By Ramona du Houx
Maine faces an estimated $1.2 billion revenue shortfall in the next fiscal year that puts many families at risk, according to a new report published in June by the Maine Center for Economic Policy (MCEP).
The state will see a 30 percent revenue decline in the fiscal year ending June 30, 2021, with income and sales tax revenues falling dramatically as a result of the unprecedented economic slowdown caused by the coronavirus.
“The swift and deep COVID-19 related recession will be one for the record books,” said state finance commissioner Kirsten Figueroa.
Maine is likely to face further losses in subsequent years, as state revenue shortfalls nationwide are projected to total $650 billion by the end of fiscal year 2022.
Only Congress has the borrowing power to stabilize state and local budgets on the brink of an unprecedented collapse.
To climb out of the recession caused by the financial collapse of 2008 President Barack Obama pushed through a stimulus package when he took office in 2009. Maine’s Senators, Olympia Snowe and Susan Collins were the only two Republicans to vote for the package that injected millions into grants for state and local governments across America. Maine would not have climbed its way out of that near depression if there hadn’t have been the American Recovery and Reinvestment Act (ARRA) of 2009.
The ARRA provided grants for infrastructure projects, clean energy initiatives like Maine’s offshore wind project and solar, amongst community block grants, and healthcare funds. Innovation for new technologies here in Maine got a boost from ARRA funding. We need a stimulus that is even greater now.
COVID-19 has created a recession that is verging on a depression across America.
The MECEP called on Congress to include substantial relief for state and local governments in the next round of coronavirus response legislation.
“If left unaddressed, the unprecedented shortfall will force the state to make painful cuts that will hurt Maine families and make the recession worse — including widespread layoffs, cuts to education and health care, and reductions in state services and investments when they are needed most,” said Sarah Austin, a MECEP policy analyst and the report’s author. “Congress must meet the severity of this fiscal crisis with substantial relief to protect families and state governments facing economic catastrophe.”
State spending is a crucial element of the state economy, and a powerful tool for reducing the harm of this recession and hastening the recovery. More than one in six Maine workers is a public-sector employee. Without substantial federal aid, a revenue cut of this magnitude could cause mass layoffs throughout the state, making the economic challenges even worse.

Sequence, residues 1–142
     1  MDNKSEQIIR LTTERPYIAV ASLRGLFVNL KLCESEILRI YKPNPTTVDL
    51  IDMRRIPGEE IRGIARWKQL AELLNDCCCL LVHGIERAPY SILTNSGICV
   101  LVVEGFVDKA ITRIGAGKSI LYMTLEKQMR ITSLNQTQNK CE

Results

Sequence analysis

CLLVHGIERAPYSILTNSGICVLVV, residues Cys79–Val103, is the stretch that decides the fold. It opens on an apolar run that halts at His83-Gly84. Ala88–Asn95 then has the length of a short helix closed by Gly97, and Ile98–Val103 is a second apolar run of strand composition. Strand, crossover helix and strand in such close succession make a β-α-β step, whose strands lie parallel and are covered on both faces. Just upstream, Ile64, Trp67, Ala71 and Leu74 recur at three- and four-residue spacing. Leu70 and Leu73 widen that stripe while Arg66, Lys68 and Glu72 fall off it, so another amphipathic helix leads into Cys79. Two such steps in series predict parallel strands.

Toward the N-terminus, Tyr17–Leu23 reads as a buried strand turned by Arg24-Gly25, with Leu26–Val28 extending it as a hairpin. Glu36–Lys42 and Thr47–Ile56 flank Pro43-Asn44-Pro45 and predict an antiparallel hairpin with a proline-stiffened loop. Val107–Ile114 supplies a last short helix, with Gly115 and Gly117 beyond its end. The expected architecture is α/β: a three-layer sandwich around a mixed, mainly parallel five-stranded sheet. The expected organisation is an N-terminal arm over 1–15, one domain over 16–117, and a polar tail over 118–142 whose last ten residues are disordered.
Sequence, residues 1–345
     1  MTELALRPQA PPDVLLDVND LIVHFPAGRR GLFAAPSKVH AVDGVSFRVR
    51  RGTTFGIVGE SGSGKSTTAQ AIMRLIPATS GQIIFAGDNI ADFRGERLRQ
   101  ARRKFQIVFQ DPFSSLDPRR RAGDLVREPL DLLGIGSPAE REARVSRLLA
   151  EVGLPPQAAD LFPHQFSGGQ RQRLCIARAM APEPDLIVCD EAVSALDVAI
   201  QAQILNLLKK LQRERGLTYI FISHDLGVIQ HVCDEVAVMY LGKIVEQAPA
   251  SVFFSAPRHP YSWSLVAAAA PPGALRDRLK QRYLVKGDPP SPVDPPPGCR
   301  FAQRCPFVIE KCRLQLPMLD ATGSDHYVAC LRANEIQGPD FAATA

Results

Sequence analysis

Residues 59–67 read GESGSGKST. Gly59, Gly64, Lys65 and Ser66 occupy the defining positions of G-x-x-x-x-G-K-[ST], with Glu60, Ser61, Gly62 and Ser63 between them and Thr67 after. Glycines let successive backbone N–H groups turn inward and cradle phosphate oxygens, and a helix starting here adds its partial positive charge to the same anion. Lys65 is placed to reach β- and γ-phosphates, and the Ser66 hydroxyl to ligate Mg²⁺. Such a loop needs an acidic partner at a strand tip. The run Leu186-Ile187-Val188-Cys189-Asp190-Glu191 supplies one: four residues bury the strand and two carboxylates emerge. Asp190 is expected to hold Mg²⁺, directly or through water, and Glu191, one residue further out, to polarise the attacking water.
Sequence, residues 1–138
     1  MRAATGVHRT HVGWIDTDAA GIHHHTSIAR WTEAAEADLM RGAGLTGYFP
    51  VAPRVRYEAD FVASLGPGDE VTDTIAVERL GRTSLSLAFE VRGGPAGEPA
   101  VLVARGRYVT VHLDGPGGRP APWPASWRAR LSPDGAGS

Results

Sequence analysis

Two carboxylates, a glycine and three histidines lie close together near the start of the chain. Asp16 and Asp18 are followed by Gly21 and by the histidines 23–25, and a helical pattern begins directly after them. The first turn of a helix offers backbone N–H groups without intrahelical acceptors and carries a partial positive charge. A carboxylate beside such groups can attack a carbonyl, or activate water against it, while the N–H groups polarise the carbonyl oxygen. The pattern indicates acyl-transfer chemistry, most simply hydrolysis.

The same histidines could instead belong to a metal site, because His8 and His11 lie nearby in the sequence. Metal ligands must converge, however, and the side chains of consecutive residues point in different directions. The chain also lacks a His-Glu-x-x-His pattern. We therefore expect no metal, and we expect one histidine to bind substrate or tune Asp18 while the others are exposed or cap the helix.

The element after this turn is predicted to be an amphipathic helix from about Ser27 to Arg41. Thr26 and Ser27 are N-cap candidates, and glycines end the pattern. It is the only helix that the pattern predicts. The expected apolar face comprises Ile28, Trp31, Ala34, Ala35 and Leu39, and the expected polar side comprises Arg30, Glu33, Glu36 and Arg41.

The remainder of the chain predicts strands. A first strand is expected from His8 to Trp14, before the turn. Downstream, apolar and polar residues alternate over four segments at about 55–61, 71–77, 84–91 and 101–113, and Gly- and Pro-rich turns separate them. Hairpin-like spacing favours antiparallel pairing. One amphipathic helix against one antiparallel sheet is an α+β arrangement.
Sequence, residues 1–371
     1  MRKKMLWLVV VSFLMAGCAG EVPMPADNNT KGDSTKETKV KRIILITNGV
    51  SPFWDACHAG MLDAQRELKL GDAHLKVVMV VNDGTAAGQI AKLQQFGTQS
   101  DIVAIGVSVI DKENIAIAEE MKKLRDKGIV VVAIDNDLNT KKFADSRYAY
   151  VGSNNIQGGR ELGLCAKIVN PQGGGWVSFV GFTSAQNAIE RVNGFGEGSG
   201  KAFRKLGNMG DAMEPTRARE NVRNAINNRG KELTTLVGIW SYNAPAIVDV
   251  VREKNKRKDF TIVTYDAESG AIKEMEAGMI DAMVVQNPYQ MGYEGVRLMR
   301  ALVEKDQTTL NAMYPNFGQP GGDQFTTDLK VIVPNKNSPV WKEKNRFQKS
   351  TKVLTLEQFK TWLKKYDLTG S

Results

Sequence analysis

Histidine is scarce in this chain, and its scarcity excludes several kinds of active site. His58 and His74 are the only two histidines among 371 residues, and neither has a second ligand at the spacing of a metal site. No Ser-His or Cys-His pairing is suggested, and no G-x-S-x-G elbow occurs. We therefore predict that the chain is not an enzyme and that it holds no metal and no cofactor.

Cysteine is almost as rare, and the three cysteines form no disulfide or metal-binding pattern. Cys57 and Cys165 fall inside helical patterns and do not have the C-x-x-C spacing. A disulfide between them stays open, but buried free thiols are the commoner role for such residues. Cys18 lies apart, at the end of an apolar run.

Maine had a substantial Rainy-Day Fund before COVID-19. Now the state is looking at red and the future doesn’t look good.
Medicaid enrollment is expected to spike after nearly 48,000 Mainers lost their employer-sponsored health insurance as the result of a layoff since the pandemic began.
The state will face new education costs with ensuring equity and catching students up after months of distance learning, and establishing new systems and procedures to keep students, teachers, and staff safe when schools re-open.
Market volatility during the coronavirus recession will likely spur losses in the state pension system. In the next budget, legislators will likely need to increase funding to ensure Maine seniors get what they have earned in their retirement years.
“Maine is not unique in the fiscal crisis it faces. Across the nation, states are staring down a $650 billion revenue shortfall because of COVID-19,” said MECEP executive director Garrett Martin. “The current downturn is unlike anything we have ever seen. State governments are on the frontlines of the pandemic and will play a crucial role in the economic recovery. We urge Maine’s congressional delegation to meet the moment by supporting bipartisan legislation to provide fiscal relief for state governments in the next round of relief legislation.”